In the June/July 2017 issue, we look at the differences between how women and men experience neurologic disease and the subsequent emergence of sex-specific research. Understanding sex and gender differences may improve diagnosis, treatment, and outcomes for women. In this online exclusive, we address some of the psychosocial challenges women face after a diagnosis and how to manage them.
BY STACEY COLINO
For women, who often serve as the emotional bedrock for their family and household, life may become extra challenging after a diagnosis of a chronic neurologic disease. Some families rise to the situation, while others struggle.
"Women [with neurologic diseases] don't always get the support they need from their spouses," says Maria De Leon, MD, a neurologist and movement disorders specialist in Nacogdoches, TX, and research advocate for the Parkinson's Foundation. "Women have higher divorce rates after being diagnosed with a neurologic disease. Their spouses say, 'This is not what I signed up for.'"
To counter the negative effects of a chronic neurologic condition, keep these strategies in mind.
Mind your health. Make taking care of yourself a top priority, even when you're juggling caring for children or elderly parents and perhaps working. That means getting enough sleep, eating well, exercising regularly, and finding ways to manage stress. "Taking care of yourself when you don't feel well can help make you feel better," Dr. De Leon says.
So can asking for help when you need it and recognizing (and honoring) your personal limits. Six months after the birth of her daughter in 2004, Stephanie Taylor, an author and high school teacher in Vancouver, WA, was diagnosed with MS. "I was lucky that I got a fast diagnosis, but I had an infant to care for as I navigated my first flare-ups," says Taylor. "My husband and I decided not to have more children because of my MS. I want to be there for my daughter and be the best and healthiest mom I can be."
Tell your doctor about side effects. Medication side effects aren't unique to women, but some may bother women more than they do men, says Dr. De Leon. For example, divalproex sodium (Depakote), pregabalin (Lyrica), and perampanel (Fycompa) can cause weight gain. "If a drug causes weight gain, some of my female patients are more reluctant to take it," says Jacqueline A. French, MD, FAAN, professor of neurology at the New York University Comprehensive Epilepsy Center and chief scientific officer for the Epilepsy Foundation. Similarly, hair thinning can occur with the anticonvulsant drugs levetiracetam (Keppra) and divalproex sodium, while others such as phenytoin (Dilantin) can cause excessive hair growth—side effects that may be unacceptable to some women.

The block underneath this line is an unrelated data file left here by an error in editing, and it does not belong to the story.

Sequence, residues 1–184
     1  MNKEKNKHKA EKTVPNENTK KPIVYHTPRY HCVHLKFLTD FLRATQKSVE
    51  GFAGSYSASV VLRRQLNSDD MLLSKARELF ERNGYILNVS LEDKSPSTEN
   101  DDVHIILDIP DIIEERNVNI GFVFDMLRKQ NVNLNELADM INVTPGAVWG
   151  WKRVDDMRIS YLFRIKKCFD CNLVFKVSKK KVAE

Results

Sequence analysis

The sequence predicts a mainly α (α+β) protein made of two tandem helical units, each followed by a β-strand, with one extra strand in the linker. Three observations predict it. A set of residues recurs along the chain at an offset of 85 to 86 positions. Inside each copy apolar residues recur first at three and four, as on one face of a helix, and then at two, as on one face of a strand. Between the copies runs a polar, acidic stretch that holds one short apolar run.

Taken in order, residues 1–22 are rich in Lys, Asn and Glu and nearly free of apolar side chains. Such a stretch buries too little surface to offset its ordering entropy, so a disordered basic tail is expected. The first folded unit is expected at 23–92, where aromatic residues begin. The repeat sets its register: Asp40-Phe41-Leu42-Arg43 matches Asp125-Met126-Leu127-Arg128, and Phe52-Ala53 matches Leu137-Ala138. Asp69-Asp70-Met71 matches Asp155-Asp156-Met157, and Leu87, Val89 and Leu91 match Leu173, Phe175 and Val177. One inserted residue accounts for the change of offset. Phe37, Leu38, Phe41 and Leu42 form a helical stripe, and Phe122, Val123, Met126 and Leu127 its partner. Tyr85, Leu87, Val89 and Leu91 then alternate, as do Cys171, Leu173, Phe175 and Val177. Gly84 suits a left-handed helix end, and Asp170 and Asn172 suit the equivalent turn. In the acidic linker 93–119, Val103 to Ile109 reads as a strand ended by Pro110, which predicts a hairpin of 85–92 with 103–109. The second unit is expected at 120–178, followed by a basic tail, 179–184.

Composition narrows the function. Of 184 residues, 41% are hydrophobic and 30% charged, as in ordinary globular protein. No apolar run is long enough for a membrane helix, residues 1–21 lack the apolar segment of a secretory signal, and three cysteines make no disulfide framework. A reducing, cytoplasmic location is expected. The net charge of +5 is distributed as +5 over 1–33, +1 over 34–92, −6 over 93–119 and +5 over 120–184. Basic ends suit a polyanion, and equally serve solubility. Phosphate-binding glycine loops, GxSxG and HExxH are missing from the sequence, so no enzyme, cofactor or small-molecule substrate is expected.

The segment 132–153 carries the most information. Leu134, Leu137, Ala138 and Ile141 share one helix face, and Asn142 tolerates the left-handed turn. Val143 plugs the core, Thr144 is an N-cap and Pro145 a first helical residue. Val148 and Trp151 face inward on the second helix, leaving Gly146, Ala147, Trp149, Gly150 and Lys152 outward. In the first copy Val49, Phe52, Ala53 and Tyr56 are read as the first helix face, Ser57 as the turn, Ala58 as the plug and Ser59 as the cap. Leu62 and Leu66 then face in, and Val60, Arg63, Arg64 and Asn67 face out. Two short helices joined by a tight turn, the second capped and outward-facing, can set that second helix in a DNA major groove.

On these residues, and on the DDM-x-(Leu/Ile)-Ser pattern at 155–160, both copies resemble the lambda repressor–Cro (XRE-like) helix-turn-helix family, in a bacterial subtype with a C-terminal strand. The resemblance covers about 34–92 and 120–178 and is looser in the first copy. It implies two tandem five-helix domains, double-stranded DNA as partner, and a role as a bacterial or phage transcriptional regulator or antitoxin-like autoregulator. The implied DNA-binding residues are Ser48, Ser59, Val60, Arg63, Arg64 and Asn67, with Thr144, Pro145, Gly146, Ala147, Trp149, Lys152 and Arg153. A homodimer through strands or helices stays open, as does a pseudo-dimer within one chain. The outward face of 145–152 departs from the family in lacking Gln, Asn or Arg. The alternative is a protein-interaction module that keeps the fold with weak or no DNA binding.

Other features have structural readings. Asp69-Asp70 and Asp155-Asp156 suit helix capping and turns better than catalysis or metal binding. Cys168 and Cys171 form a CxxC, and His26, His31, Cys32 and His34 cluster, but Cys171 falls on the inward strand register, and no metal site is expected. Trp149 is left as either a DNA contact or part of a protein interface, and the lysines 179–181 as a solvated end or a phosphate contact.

If you experience these types of side effects and consider them intolerable, discuss them with your doctor to find ways to mitigate them. Your doctor might try another drug that can treat your condition effectively without causing those unwanted side effects.
Stay connected. Reach out to friends and extended family. It's important not to isolate yourself, even if some former friends can't handle your diagnosis.
After Carol Poole, who has early-stage Alzheimer's disease, told people about her diagnosis, some women in her social circle reacted badly and shunned her. "Some people seem to think it's contagious and don't want to have anything to do with me," says Poole, who used to be the president of several civic organizations. "They act as if I'm not here intellectually in the same way I once was. That's frustrating for me. Social engagement is so important because the more you withdraw, the more depressed you get." (This is a particular risk for women, since they are already more vulnerable to depression than men.)
Fortunately, Poole's extended family and some trusted friends rallied around, and she began participating in a support group for people with early-stage Alzheimer's disease once a month, which buoyed her mood. Joining a support group can make a significant difference. So can spending time with supportive friends and participating in interest-based social activities, whether it's joining a book club or volunteering at a museum or charitable organization.